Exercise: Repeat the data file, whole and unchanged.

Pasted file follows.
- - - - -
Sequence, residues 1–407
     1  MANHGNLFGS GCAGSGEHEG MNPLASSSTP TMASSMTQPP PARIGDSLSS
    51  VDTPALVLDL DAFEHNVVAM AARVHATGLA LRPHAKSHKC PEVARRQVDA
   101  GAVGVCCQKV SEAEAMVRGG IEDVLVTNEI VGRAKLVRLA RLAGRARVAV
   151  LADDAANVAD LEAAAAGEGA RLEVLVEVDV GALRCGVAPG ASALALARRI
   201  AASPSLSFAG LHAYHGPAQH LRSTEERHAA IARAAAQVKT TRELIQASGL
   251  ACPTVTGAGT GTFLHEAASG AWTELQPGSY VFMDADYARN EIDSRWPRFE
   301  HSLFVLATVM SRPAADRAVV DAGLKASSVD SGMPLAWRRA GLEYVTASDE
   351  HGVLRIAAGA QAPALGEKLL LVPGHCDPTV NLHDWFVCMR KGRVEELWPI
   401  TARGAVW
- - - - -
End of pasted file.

Sequence, residues 1–407
     1  MANHGNLFGS GCAGSGEHEG MNPLASSSTP TMASSMTQPP PARIGDSLSS
    51  VDTPALVLDL DAFEHNVVAM AARVHATGLA LRPHAKSHKC PEVARRQVDA
   101  GAVGVCCQKV SEAEAMVRGG IEDVLVTNEI VGRAKLVRLA RLAGRARVAV
   151  LADDAANVAD LEAAAAGEGA RLEVLVEVDV GALRCGVAPG ASALALARRI
   201  AASPSLSFAG LHAYHGPAQH LRSTEERHAA IARAAAQVKT TRELIQASGL
   251  ACPTVTGAGT GTFLHEAASG AWTELQPGSY VFMDADYARN EIDSRWPRFE
   301  HSLFVLATVM SRPAADRAVV DAGLKASSVD SGMPLAWRRA GLEYVTASDE
   351  HGVLRIAAGA QAPALGEKLL LVPGHCDPTV NLHDWFVCMR KGRVEELWPI
   401  TARGAVW